By Don Benson, Esq. The Second Circuit issued an opinion on February 16, 2016, holding that “Hispanic” is a race for the purposes of both 42 U.S.C. §1981 and 42 U.S.C. § 2000e, Title VII. Village of Freeport v. Barrella, 814 F.3d 594 (2d Cir. 2016). The Court rejected the employer’s argument that promotion of a white Hispanic candidate over a white non-Hispanic candidate cannot be racial discrimination.  The employee could bring a claim  under  § 1981 or Title VII: Based on longstanding Supreme Court and Second Circuit precedent, we reiterate that “race” includes ethnicity for purposes of § 1981, so that discrimination based on Hispanic ancestry or lack thereof constitutes racial discrimination under that statute. We also hold that “race” should be defined the same way for purposes of Title VII. Plaintiff sued the Village of Freeport, N. Y., alleging race discrimination under both statutes  because the former mayor failed to…       Read More

Written by: Bradley R. Coppedge, Esq. Special care must be given to planning for a special needs child.  “Special Needs”, for our purposes, means a child (whether an adult or minor) who at birth or subsequently thereafter is mentally, physically, emotionally or developmentally impaired or disabled to such degree as would enable the child to be eligible, or potentially eligible, for means-tested public or governmental benefits or assistance. I. Estate Planning for a parent of a disabled or special needs child. A parent who has a special needs or disabled child has basically three (3) planning options in implementing the parent’s estate plan: (1)        Effectively disinherit the child, and allow the child to rely solely on public benefits.  This is not as harsh as it may sound in that if the parent’s wealth is modest, the child’s needs great, and there are other children to provide for, this may be…       Read More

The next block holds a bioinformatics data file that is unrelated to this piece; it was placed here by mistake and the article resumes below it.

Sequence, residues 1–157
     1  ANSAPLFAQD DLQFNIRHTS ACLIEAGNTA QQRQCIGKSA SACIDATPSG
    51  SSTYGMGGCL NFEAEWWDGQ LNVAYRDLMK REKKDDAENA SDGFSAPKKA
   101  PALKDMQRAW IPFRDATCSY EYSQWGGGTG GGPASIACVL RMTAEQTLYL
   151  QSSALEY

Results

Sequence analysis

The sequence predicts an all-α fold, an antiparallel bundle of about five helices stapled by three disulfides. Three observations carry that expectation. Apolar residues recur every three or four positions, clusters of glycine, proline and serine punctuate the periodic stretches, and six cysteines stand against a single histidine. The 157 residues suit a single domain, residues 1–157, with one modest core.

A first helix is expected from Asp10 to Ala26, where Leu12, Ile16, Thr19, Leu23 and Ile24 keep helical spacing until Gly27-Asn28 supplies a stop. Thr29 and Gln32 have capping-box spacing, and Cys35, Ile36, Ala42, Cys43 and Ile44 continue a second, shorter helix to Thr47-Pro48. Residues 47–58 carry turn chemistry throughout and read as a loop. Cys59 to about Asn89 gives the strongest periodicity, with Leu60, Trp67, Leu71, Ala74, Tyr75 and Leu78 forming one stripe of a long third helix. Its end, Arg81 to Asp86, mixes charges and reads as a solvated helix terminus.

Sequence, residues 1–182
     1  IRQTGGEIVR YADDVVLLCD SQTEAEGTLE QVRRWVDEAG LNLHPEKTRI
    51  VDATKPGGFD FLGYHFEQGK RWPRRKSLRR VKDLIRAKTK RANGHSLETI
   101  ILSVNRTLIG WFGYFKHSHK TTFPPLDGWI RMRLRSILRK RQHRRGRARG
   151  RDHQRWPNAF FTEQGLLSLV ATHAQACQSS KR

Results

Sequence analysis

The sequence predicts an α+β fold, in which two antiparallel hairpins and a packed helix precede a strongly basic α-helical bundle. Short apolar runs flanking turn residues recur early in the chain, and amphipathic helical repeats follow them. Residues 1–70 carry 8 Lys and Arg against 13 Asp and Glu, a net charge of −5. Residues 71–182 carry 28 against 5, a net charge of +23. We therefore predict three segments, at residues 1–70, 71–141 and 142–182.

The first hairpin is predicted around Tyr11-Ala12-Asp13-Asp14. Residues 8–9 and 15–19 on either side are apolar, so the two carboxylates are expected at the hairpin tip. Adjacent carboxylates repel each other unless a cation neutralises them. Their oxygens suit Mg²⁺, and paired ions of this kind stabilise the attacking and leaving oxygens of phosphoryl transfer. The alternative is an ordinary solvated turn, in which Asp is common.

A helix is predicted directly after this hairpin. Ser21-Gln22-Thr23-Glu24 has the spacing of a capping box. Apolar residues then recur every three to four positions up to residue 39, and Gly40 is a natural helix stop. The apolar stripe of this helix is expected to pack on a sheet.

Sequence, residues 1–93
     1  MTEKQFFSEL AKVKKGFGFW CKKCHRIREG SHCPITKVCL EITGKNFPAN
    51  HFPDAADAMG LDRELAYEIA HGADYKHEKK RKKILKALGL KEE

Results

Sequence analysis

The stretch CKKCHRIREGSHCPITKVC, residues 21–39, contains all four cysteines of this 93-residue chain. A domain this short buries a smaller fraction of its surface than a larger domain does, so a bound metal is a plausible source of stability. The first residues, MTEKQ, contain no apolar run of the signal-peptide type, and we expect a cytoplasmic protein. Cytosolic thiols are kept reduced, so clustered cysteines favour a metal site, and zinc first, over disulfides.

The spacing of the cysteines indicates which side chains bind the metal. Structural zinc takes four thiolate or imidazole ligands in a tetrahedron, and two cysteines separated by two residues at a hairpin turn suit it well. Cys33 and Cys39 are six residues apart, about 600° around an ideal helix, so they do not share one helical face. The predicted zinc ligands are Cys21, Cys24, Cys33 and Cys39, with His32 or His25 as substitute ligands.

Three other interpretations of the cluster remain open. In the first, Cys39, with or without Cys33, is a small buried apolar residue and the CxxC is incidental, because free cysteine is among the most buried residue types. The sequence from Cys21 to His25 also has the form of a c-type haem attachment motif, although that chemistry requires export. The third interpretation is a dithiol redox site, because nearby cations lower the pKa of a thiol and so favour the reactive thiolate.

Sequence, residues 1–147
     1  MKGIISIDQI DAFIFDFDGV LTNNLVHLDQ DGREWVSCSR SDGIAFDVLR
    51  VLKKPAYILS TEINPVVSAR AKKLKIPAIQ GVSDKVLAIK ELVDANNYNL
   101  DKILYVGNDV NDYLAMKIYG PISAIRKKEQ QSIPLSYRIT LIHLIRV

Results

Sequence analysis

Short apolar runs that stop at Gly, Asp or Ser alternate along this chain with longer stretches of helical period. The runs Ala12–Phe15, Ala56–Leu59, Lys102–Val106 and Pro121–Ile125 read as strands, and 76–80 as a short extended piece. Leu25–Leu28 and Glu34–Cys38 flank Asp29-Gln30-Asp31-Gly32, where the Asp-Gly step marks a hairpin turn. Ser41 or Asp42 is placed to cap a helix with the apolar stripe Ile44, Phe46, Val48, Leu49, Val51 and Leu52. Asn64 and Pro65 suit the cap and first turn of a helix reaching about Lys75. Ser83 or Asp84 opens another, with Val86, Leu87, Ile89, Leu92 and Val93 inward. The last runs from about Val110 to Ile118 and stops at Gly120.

HBS Partners Jo Jagor and Ryan Donihue will be joining Dr. Mitchell Gardiner for a A Simulated Dental Malpractice Court Case Presented Live at the 2017 Hinman Dental Meeting. They will be presenting on March 24th from 2:00-5:00pm. Using an actual dental malpractice case, this program will portray what really takes place in the courtroom between a defendant dentist and malpractice lawyers. Meeting attendees will get to see and hear the examination and trial testimony of the dentist by two of Atlanta’s premier malpractice attorneys. Question and answer periods will allow attendees to better understand procedures and the types of questioning common in court. A jury of dentists will determine the outcome.

Written by: Dale E. Slemons, Esq. As you know, one of the most important avenues to control the medical costs and overall exposure of your workers’ compensation claims is to utilize the control given to Employers by O.C.G.A. 34-9-201, which requires that the Employer maintain a valid Panel of Physicians. As you may know the statute requires that you list at least six physicians or professional associations or corporations of physician who are reasonably accessible to the Employee, among other additional requirements. While we recommend periodic verification of your Panel providers be part of your routine, we also like to inform you when information is obtained that may invalidate your Panels. In that regard, we wanted to take this time to let you know that Dr. Michael Kalson, of Academy Orthopedics, LLC has retired. If you have Dr. Kalson listed individually on your Panel of Physicians, you may want/need to…       Read More